I’ve always been aware of the incredible waste and the often ludicrous push to buy in our western lifestyle, but it wasn’t until I really spent time living a different life that I realised that the only thing it takes to change the way you live is making a committed decision to do so. I lived for more than three years in a little village in Indonesia and when I returned to Australia I was able to see what we often consider as normal as being very wasteful and unnecessary. It was at that time that I really committed to making more sustainable changes in my own life and sharing those changes with people around me to help encourage others to make more conscious choices in their own lives too.
In what ways are we as a general population living in excess and how can we simplify it?
It’s a really complex issue I think but the answer is simple. The most subversive thing any of us can do to truly change the destructive path that is laid out before us with western consumerism is to become committed, invested and engaged members of our local community. I believe that it is our isolation and lack of community that encourages the capitalist machine to keep on turning and it isn’t something we can necessarily fight, but we can choose not to invest in it and instead to invest in relationships and people and commit to making a difference where we live. Sharing what we have with those around us, giving our time to our communities, building strong relationships with people instead of with things - is the very best place to start.
What power do you think food has in cultivating community?
The sharing of food is one of the most basic of human connections, to sit and break bread with other humans is a language all of its own. Food is the foundation of good strong communities, it’s both our history and our future and in a time of economic uncertainty and disconnection it will help us to find the way home again.
How do you think attitudes and behaviours towards food have changed in recent times?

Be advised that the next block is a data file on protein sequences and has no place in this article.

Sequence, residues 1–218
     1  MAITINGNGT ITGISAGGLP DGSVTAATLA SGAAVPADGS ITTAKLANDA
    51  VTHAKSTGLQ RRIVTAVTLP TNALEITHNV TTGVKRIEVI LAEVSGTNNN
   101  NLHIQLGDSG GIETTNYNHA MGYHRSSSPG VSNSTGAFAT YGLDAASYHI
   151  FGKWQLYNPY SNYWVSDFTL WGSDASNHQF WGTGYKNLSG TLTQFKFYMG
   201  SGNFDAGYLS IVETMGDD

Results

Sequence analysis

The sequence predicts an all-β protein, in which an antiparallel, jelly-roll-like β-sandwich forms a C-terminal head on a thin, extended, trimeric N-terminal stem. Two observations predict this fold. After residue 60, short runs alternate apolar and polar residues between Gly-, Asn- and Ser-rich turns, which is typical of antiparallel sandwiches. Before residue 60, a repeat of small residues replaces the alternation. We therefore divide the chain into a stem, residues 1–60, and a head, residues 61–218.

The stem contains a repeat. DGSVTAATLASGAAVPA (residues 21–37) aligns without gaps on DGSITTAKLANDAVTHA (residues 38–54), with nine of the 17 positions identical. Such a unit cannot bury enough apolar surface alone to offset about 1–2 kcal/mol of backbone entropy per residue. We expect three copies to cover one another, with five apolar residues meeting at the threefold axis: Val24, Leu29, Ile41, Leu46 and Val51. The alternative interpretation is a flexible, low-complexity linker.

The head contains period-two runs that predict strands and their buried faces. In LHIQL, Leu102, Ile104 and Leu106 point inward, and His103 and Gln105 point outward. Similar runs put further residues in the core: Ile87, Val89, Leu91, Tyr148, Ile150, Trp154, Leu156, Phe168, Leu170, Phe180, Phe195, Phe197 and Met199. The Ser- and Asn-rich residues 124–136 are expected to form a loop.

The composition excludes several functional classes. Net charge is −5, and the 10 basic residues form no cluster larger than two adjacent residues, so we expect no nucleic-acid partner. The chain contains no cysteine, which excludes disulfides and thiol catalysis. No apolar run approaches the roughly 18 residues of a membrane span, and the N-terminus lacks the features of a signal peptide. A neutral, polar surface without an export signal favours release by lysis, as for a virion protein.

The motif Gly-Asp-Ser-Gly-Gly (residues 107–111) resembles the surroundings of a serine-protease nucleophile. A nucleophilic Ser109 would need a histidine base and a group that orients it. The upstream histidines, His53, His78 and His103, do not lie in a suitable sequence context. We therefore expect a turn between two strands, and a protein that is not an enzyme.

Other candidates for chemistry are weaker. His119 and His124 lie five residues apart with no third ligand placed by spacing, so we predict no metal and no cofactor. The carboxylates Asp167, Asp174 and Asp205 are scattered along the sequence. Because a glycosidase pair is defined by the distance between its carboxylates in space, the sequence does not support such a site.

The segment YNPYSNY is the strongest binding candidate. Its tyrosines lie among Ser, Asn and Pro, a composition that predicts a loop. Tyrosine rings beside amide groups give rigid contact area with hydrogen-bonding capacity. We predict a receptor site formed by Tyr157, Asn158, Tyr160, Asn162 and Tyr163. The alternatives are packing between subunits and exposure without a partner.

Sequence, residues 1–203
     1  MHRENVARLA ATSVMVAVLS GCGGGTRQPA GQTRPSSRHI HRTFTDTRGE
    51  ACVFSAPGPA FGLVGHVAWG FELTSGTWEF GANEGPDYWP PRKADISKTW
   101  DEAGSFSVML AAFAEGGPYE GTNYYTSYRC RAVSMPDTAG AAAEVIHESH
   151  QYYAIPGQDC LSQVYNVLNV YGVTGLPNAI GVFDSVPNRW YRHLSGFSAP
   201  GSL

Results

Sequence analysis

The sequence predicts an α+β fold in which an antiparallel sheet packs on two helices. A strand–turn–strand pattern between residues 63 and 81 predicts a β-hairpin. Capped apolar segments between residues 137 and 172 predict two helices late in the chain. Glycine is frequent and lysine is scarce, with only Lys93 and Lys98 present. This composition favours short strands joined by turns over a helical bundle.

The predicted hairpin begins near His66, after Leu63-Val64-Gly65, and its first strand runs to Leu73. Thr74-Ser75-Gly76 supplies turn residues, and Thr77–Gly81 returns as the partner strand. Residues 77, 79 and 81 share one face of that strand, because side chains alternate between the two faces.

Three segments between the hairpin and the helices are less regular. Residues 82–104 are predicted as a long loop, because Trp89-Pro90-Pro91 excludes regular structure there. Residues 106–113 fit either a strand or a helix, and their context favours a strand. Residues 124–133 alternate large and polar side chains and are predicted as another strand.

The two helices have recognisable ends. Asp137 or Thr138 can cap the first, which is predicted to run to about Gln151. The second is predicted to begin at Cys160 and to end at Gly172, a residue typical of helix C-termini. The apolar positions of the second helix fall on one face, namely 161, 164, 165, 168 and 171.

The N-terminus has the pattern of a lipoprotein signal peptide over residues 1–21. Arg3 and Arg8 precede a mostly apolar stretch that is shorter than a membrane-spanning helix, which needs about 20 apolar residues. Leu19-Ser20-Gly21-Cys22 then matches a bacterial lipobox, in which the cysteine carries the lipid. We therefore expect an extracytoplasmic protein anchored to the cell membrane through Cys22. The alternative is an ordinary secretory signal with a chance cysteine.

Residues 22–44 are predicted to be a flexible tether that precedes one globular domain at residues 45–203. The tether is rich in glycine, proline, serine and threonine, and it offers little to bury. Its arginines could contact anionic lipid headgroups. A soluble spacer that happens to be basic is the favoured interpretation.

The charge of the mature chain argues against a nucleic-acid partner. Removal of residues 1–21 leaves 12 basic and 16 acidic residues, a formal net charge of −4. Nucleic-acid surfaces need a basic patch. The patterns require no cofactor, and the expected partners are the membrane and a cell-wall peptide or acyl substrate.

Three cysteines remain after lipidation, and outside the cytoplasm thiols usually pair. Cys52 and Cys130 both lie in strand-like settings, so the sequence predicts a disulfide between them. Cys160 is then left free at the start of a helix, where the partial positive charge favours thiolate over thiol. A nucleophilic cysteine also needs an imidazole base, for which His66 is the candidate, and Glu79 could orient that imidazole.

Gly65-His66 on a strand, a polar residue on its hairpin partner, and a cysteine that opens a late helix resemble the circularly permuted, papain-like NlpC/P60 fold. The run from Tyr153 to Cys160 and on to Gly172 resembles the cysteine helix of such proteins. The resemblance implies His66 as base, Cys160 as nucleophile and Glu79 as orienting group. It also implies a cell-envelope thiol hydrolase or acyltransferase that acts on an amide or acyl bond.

There has been a quiet swell of change for a long time I think here in Australia, there have always been communities who value local produce and cultures of growing and back yard food production but I think it’s getting more and more prevalent as time goes on. We have better access to information now, people want to know where their food comes from, people care about the ethics of food production and people are getting a lot savvier with their choices. I think the rise in health food trends is doing damage to both local and international food systems as different food items are labelled as super foods and go in and out of trend… but even with this I think the shift is happening and it’s an easy one for us all to make. Eating food in its most natural form with as little processing as possible, supporting local farmers, growing your own food and being really aware of managing your household waste - if we all did that, imagine the change we could make as a whole, and how quickly!
How do you think food will affect change in the way we live in the future?
I think out of necessity food is going to be the driving force of a lot of social change as the world continues to shift. I think there is going to be a push towards seasonal produce and the grow-your-own model that we are already seeing in many communities in Australia. I have no doubt that there will be a push for families to return to the land and to live simpler and more connected to their communities. The road may be a difficult one, but I think the outcome will be overwhelmingly positive for human happiness, health and wellbeing.
What is the best piece of general life advice you could give?
To genuinely love other people and to never let a little thing like fear get in the way of doing something incredible. The very best things always happen just outside of your comfort zone.